Reviewed by James Karas
The Charlottetown Festival is back, albeit in a pandemic-modified format. It features three productions with emphasis on eastern Canada. The first production was Between Breaths a play by Robert Chafe about the controversial life of Dr. Jon Lien, a Newfoundlander credited with rescuing more than 500 whales trapped in fishing nets. It ran util June 19, 2021.
The second production, reviewed here, is Dear Rita, a tribute to the great Canadian singer. The next production will be Old Stock by Hannah Moscovitch, Christian Barry and Ben Caplan about Jewish refugees from Russia. It will run from August 12 to September 4, 2021.
The beautiful theatre in the Confederation Centre of the Arts can seat 1100 people but only 300 were allowed in observance of strict social distancing and other Covid related rules. The small number did not dampen the enthusiasm of the audience.
Lyndsay Kyte as playwright and Mike Ross as co-creator, music director and arranger have crafted a program that pays tribute to MacNeil’s wide-ranging musical contribution a well as her life. A company of eight actors, singers and musicians are tasked with presenting the program with sufficient enthusiasm and pathos as to be rewarded with a standing ovation by the reduced audience.
The four women of the cast, Michelle Bouey, Kristi Hansen, Melissa Mackenzie, and Lindsay Kyte, and four men, Sheldon Elter, and Brendan Wall with Chris Corrigan on guitar and Trevor Grant on drums, showed acting versatility, musical talent and reasonable vocal ability. The songs are sung by cast members individually and as an ensemble.
“Working Man,” a tribute to Nova Scotia coal miners “Flying on Your Own” about the strength she showed after leaving her husband, her love letter to Cape Breton “I'll see you again” and many more give a fine accounting of her varied talents in folk and country music and as references to her life.
Born in 1944 on Cape Breton Island with a cleft lip and palate, she had to suffer the worst insult that can be targeted in a small community: being “different.” She was sexually abused for years by the calloused hands of a great-uncle. She kept the abuse secret until she revealed it in her 1998 autobiography On A Personal Note.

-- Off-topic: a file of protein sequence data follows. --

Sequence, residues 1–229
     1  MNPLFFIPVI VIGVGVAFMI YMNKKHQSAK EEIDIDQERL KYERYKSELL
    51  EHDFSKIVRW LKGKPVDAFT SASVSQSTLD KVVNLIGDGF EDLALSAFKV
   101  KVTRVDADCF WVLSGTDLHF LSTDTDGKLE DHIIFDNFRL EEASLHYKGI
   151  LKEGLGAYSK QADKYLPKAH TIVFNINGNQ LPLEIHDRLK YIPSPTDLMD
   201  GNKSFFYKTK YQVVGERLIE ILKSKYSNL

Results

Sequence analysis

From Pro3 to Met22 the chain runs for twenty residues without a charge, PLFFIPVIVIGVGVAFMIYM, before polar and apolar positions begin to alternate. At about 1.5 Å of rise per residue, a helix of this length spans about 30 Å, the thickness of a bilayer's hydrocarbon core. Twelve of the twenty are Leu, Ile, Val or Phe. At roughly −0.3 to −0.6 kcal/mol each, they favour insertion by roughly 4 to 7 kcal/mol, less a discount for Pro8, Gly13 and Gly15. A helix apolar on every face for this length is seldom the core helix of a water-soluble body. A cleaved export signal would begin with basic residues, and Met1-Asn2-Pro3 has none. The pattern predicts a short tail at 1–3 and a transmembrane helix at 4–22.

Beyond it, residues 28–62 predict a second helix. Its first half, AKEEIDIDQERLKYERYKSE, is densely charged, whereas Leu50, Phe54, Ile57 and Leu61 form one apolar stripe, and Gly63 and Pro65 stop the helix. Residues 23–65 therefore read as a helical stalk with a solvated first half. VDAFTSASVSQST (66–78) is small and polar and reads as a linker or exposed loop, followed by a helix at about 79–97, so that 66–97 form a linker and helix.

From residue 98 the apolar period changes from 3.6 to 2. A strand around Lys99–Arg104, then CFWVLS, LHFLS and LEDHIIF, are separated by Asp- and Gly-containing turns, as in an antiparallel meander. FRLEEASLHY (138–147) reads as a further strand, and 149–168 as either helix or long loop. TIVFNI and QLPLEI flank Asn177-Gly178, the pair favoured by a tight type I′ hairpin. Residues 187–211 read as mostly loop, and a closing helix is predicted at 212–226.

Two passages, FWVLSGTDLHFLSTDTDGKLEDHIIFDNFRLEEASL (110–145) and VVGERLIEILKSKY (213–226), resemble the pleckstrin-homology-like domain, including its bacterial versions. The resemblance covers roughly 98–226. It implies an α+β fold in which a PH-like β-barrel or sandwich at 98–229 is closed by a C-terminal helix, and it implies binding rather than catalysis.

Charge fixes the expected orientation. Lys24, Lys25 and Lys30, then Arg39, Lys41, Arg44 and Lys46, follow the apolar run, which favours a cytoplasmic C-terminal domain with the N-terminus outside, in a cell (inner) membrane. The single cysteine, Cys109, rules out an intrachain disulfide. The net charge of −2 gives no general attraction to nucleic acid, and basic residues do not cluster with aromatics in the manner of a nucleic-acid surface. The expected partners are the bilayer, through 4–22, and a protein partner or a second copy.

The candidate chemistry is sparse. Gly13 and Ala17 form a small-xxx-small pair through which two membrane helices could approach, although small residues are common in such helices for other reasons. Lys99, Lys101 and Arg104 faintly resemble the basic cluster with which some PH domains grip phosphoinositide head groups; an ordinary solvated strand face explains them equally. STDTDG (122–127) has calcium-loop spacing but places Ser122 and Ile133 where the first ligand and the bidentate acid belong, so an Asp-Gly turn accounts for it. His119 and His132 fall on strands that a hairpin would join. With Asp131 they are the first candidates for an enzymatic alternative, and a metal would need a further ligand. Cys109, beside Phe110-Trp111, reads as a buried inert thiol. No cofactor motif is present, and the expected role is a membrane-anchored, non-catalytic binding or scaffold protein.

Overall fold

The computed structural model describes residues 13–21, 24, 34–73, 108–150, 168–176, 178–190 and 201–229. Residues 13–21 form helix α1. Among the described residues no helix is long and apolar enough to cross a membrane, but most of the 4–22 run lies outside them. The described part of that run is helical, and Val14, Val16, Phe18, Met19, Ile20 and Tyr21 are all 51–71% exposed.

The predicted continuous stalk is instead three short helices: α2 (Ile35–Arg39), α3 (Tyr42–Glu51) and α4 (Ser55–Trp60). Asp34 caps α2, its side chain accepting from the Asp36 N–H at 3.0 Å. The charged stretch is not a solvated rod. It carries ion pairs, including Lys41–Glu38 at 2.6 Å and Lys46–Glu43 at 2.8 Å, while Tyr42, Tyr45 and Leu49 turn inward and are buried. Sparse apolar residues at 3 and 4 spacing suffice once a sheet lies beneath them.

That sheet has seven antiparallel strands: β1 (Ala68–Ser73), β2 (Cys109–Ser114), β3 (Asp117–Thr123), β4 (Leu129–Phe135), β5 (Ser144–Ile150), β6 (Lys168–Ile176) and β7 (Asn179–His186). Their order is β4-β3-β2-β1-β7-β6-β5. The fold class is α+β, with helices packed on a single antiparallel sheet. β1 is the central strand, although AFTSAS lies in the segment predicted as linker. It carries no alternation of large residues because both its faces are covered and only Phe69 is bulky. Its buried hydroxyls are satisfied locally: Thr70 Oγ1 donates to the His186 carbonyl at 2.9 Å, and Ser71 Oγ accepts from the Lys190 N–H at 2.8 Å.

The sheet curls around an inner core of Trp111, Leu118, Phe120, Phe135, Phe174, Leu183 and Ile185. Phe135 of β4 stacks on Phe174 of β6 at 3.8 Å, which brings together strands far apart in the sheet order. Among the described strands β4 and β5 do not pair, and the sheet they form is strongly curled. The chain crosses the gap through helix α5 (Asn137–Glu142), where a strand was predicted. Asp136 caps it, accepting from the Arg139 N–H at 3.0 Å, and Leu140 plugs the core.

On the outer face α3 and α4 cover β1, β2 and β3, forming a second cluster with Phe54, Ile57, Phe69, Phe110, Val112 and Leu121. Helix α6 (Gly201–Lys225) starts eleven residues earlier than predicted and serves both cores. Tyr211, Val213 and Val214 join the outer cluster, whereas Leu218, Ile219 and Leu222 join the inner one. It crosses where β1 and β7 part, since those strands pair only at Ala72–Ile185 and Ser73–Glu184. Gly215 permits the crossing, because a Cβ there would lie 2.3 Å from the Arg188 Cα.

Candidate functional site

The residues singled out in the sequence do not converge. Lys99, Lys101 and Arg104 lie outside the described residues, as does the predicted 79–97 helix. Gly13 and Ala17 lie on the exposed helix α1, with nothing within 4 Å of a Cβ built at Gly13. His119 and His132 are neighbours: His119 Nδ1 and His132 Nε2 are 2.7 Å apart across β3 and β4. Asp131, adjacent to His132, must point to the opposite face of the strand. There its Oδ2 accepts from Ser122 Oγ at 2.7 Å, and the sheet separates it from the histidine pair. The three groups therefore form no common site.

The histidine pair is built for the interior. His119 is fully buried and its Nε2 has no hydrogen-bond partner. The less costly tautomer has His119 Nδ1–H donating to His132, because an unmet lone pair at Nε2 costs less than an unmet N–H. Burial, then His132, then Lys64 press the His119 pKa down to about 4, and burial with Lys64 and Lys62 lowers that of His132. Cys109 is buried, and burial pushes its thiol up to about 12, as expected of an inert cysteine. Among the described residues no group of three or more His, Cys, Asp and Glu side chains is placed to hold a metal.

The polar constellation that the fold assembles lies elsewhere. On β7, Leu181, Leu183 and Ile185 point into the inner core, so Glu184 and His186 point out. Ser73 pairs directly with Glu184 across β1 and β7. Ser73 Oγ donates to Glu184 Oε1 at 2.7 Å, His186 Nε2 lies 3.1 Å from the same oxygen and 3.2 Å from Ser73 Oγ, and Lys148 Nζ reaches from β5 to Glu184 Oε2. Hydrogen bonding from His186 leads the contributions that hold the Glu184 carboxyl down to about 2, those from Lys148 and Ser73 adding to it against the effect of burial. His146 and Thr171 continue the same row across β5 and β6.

She eventually gravitated toward Toronto more than once where she kept some menial jobs, became pregnant and had an out of wedlock daughter. She returned to Cape Breton but the desire to sing proved powerful and she left her child with her parents. Back in Toronto she got married, had a second child and even tried farming. But she could not stay away from singing and writing songs for long.
The play mentions her attempted suicide when she took a bottle of sleeping pills and her little son stood by her all night. She woke up 24 hours later and found pizza crumbs near her. Worse was to come in her battle with obesity. She reached 186 pounds and received some disgusting comments about it. The all-time low was reached during the 1993 World Series between the Philadelphia Phillies and the Blue Jays where MacNeil sang the national anthem during one game. A Philadelphia newspaper suggested that she should get a forklift to transport her to home plate among other despicable comments.
We learn that there were numerous such insults in the media, but she seemed to take them with aplomb. When a journalist asked her if she was “a dish” when she weighed 113 pounds, she retorted that she is still a dish and asked if he was no longer a dish after he lost his hair.
Rita MacNeil had a big and resonant voice and she performed powerfully and movingly. The cast, admirably directed by Mary Francis Moore, captures much of her musical and personal life and, to their great credit, entertain us and make us want to go back to the original.
Dear Rita by Lyndsay Kyte and Mike Ross plays from June 19 to August 6, 2021, at the Confederation Centre of the Arts, 145 Richmond Street, Charlottetown, PE C1A 1J1 https://confederationcentre.com/
James Karas is the Senior Editor – Culture of The Greek Press. This review appeared initially in the newspaper